Many organizations spend money on auxiliary or even theoretical risks, ignoring their numerous outdated, abandoned, or simply unknown systems accessible from the Internet. These shadow assets are low-hanging fruit for cybercriminals. Attackers are smart and pragmatic; they won’t assault your castle if they can silently get in via a forgotten underground tunnel. Therefore, ascertain that you have an ample and up2date view of your external attacks surface in a continuous manner.
3. Keep your software up2date, implement patch management and automated patching
Most of the successful attacks do not involve the usage of sophisticated and costly 0days but publicly disclosed vulnerabilities often available with a working exploit. Hackers will systematically search for the weakest link in your defense perimeter to get in, and even a tiny outdated JS library may be a windfall to get your crown jewels. Implement, test, and monitor a robust patch management system for all your systems and applications.
4. Prioritize your testing and remediation efforts based on risks and threats
Once you have crystal-clear visibility of your digital assets and a properly implemented patch management strategy, it’s time to ensure that everything works as you expected. Deploy continuous security monitoring for all your external assets, conduct in-depth testing, including penetration testing of your business-critical web applications and APIs. Setup monitoring for any anomalies with rapid notifications.
5. Keep an eye on Dark Web and monitor data leaks
Most companies do not realize how many of their corporate accounts, exposed by hacked third-party websites and services, are being sold on the Dark Web. The emerging success of password reuse and brute-force attacks stem from it. Worse, even legitimate websites such as Pastebin often expose a great wealth of leaked, stolen, or lost data accessible to everyone. Continuous monitoring and analysis of these incidents may save millions of dollars and, most importantly, your reputation and goodwill.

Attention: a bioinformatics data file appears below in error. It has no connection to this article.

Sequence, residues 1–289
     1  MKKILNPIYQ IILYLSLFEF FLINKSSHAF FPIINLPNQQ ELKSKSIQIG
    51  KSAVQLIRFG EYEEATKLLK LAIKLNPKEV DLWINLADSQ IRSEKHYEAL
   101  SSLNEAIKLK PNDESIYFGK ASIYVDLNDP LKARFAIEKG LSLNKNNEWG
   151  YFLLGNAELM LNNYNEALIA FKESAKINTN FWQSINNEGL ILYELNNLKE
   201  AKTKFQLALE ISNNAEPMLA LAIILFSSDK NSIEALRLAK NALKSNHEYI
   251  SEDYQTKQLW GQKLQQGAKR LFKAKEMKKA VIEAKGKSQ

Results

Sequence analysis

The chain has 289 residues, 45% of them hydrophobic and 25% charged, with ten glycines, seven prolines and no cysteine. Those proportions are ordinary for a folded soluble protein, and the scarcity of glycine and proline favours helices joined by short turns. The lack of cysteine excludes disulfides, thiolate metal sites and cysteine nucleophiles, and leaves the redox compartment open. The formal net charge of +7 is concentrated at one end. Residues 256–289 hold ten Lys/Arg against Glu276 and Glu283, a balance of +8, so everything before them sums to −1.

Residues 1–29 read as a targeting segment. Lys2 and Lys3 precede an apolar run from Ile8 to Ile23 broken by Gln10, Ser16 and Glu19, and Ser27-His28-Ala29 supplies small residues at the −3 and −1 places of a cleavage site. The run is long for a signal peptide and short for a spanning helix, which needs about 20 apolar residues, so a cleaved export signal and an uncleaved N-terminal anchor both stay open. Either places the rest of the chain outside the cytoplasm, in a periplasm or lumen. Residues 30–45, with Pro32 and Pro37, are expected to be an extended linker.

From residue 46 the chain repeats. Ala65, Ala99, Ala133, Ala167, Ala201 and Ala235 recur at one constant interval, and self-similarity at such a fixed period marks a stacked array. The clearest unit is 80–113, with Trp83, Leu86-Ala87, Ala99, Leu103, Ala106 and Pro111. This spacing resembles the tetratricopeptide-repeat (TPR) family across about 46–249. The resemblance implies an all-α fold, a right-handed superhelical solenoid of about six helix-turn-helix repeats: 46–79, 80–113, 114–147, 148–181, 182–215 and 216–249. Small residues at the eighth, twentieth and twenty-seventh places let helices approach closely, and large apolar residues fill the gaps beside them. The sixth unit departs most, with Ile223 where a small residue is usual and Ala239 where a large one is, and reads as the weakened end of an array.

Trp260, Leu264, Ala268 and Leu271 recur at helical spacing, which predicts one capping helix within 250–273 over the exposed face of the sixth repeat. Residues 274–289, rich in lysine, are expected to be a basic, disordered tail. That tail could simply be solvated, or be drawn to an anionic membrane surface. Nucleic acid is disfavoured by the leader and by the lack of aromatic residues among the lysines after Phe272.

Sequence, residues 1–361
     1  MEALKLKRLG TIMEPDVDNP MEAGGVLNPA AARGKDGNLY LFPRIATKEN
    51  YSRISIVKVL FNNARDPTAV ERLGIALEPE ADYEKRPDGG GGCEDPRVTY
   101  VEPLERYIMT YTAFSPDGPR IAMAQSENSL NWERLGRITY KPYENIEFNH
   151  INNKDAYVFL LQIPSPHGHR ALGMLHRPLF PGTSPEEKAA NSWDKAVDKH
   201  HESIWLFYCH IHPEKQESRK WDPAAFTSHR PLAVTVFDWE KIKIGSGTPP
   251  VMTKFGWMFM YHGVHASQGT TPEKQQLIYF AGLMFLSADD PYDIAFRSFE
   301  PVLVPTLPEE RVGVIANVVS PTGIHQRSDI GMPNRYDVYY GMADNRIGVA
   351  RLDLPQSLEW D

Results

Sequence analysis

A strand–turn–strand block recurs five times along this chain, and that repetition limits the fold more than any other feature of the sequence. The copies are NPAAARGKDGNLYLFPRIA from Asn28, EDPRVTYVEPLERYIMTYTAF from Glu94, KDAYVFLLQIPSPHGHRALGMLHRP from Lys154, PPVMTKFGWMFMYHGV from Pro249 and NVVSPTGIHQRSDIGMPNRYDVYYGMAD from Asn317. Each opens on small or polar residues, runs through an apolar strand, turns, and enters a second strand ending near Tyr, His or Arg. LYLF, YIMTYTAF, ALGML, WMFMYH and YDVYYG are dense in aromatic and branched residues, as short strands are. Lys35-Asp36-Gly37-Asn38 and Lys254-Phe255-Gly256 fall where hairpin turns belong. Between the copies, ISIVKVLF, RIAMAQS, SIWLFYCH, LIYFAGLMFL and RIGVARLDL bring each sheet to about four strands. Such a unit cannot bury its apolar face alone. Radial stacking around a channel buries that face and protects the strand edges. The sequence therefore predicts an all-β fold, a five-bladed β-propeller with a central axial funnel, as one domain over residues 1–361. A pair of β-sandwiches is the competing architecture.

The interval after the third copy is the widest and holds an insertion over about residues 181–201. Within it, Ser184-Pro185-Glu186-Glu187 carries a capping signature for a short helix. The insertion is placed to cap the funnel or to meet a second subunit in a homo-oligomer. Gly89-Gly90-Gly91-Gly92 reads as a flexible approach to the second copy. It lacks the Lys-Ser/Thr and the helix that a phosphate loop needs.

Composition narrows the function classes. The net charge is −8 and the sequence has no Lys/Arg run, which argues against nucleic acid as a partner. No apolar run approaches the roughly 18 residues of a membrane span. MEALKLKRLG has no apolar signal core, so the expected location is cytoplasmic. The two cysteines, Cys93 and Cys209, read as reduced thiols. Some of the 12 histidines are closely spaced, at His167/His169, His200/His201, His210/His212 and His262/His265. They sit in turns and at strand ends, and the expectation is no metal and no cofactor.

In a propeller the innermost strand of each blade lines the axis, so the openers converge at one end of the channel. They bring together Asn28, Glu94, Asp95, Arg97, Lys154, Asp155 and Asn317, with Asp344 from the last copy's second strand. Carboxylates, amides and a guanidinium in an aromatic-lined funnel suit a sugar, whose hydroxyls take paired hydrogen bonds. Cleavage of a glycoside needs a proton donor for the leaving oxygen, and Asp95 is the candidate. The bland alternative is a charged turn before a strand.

Reducing Complexity and Costs
We came across an innovative offering from a Swiss company ImmuniWeb® to tackle these issues in a simple and cost-effective manner. We are truly impressed with its technical capabilities, consolidated approach, and accessible price.
ImmuniWeb Discovery provides you with superior visibility and control over your external attack surface and risk exposure.
Try ImmuniWeb® Discovery for:
- Rapid discovery of your external digital assets, including APIs, cloud storage and IoT
- Actionable, data-driven security ratings of your applications’ Hackability and Attractiveness
- Continuous monitoring of public code repositories for unprotected or leaked source code
- Continuous monitoring of Dark Web for exposed credentials and other sensitive data
- Production-safe Software Composition Analysis of your web and mobile applications
- Instant alerts about expiring domain names and SSL certificates
- Integration with SIEMs and other security systems via API
We hope you will avoid becoming a victim of a data breach in 2020!